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The Important Role In Vivo Bioluminescence Imaging Plays in COVID-19 Research

The Important Role In Vivo Bioluminescence Imaging Plays in COVID-19 Research

September 13, 2022
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In February 2020, just before the World Health Organization (WHO) declared COVID-19 a global pandemic, WHO Director-General Dr Tedros Adhanom Ghebreyesus stated that bringing the outbreak under control would necessitate harnessing the power of science. “There are questions we need answers to, and tools we need developed as quickly as possible,” he said.

Indeed, researchers were unsure on the origin of the virus, the mechanisms of pathogenesis, or when people were most infectious. They also had limited information on disease phenotypes or what treatments might be effective.

Fast forward two years and the pipeline for SARS-CoV-2 vaccines and therapeutics is flourishing. Over 300 therapeutics and 250 vaccines are currently at various phases of development, with many others being explored at the discovery stage. This is in addition to the handful of therapeutic options already available in certain countries, including the oral antivirals Paxlovid and molnupiravir, intravenous remdesivir, and a number of anti-SARS-CoV-2 monoclonal antibodies.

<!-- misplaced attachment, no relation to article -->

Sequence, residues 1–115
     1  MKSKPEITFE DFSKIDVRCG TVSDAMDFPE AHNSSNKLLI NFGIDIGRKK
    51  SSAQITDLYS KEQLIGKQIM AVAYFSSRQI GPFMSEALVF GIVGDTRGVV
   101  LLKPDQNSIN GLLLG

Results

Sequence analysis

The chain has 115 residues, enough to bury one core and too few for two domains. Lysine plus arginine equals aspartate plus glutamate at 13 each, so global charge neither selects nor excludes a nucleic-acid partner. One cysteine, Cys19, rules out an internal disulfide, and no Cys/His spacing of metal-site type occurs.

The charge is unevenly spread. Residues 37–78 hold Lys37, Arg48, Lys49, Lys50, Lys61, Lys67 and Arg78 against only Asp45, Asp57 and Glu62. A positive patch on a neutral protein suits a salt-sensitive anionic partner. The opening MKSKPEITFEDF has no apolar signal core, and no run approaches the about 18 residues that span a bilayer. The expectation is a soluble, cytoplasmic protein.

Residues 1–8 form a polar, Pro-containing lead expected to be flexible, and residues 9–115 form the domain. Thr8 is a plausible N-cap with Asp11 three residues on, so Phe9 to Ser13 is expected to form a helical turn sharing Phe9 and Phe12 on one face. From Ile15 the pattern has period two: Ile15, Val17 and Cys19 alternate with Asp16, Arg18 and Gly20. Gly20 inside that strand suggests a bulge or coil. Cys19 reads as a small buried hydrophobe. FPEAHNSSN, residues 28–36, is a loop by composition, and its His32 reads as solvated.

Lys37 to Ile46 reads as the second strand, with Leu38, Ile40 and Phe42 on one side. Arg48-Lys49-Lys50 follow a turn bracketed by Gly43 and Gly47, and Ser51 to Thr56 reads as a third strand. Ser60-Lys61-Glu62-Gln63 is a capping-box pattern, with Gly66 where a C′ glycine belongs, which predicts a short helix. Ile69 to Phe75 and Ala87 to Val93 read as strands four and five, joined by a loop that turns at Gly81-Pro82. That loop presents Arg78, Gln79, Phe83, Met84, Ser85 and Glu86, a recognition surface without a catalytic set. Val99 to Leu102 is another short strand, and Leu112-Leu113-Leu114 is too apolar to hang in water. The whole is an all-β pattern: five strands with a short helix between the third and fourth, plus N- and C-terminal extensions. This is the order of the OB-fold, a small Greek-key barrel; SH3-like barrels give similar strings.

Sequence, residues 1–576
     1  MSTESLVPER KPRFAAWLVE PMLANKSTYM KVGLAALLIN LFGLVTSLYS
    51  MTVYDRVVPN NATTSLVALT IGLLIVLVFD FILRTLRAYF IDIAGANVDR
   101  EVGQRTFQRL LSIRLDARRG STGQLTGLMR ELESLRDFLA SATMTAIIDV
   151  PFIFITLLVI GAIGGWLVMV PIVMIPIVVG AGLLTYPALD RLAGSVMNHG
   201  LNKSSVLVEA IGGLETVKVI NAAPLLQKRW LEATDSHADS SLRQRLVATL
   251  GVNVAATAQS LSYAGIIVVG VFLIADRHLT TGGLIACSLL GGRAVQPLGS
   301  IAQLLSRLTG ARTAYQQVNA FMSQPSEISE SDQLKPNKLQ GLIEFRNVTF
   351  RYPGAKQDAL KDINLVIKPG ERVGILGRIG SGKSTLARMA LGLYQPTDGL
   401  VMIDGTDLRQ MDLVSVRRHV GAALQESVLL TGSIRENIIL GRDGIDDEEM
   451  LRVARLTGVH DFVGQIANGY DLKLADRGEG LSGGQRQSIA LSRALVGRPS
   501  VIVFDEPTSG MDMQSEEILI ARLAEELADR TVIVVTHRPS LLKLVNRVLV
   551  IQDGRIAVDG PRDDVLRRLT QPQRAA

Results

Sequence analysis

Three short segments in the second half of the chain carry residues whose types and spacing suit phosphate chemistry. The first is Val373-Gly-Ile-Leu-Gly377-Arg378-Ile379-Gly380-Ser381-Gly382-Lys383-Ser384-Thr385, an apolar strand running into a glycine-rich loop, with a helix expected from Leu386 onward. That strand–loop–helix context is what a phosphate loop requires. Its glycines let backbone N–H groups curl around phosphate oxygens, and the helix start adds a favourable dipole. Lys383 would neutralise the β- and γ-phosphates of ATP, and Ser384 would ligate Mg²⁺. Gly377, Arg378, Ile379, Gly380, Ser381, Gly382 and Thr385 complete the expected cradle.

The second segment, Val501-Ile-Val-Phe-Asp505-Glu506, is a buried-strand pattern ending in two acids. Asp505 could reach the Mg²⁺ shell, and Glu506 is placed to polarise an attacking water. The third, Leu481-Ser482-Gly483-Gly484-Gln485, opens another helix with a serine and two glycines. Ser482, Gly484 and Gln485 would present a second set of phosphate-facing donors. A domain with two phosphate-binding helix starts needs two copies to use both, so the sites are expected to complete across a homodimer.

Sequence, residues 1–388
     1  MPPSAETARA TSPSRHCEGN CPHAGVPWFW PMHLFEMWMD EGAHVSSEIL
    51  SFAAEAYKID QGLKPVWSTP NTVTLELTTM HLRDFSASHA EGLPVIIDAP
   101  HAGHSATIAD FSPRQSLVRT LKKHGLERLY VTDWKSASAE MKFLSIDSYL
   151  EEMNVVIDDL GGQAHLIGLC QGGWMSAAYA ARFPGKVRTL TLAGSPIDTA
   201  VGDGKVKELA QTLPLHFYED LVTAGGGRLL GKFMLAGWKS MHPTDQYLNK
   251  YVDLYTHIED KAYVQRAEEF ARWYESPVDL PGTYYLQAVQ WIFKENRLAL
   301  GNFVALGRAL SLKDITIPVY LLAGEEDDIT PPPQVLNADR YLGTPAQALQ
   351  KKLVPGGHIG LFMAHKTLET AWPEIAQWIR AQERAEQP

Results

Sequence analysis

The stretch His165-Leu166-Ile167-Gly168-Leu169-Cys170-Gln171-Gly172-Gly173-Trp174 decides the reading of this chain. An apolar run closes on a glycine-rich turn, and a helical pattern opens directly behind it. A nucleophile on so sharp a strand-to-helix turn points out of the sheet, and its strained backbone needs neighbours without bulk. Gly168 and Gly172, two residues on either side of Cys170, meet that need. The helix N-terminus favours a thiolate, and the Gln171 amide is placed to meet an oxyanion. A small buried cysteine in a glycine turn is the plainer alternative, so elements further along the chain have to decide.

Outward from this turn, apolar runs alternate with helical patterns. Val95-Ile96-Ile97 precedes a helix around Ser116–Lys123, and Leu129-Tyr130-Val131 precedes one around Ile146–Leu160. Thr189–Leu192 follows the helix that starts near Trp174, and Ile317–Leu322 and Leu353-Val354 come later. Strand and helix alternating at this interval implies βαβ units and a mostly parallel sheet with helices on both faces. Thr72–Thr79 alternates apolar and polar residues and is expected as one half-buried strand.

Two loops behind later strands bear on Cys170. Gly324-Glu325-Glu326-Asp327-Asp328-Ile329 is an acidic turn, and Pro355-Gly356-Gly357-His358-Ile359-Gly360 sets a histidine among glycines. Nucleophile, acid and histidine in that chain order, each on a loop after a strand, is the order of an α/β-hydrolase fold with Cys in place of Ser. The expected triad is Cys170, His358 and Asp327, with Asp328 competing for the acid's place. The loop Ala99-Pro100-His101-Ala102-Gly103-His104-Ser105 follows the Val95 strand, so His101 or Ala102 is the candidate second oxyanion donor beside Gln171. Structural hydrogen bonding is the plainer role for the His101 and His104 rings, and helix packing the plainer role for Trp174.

A significant portion of this success can be attributed to the tools and technologies available to researchers at the start of the pandemic. For example, COVID-19 diagnoses could be made using nucleic acid or serological testing, emerging variants could be monitored using whole genome sequencing, and high-throughput screening technologies proved highly useful for drug development.

In Vivo Bioluminescence Imaging for SARS-CoV-2

Another tool that came into its own during the pandemic was in vivo bioluminescence imaging (BLI), a highly sensitive, non-invasive technique based on the detection of light produced by luciferase-catalyzed reactions. BLI is a well-established technique for studying infectious diseases. It is used for detecting, localizing, and quantifying specific immune cells, pathogens, or immunological processes.

By visualizing SARS-CoV-2 infection in animal models, researchers have been able to gain a deeper understanding of the mechanisms of the virus and study the response to therapeutic interventions. For example, using BLI, researchers have been able to non-invasively validate therapeutics, study biomarkers, and monitor vaccine delivery, providing key information that can be translated into the clinic and directly benefit patients infected with SARS-CoV-2.

To learn more about the application of BLI for monitoring COVID-19 infection and response to therapy read our latest literature review ‘Applications of In Vivo Bioluminescence Imaging for SARS-CoV-2’.

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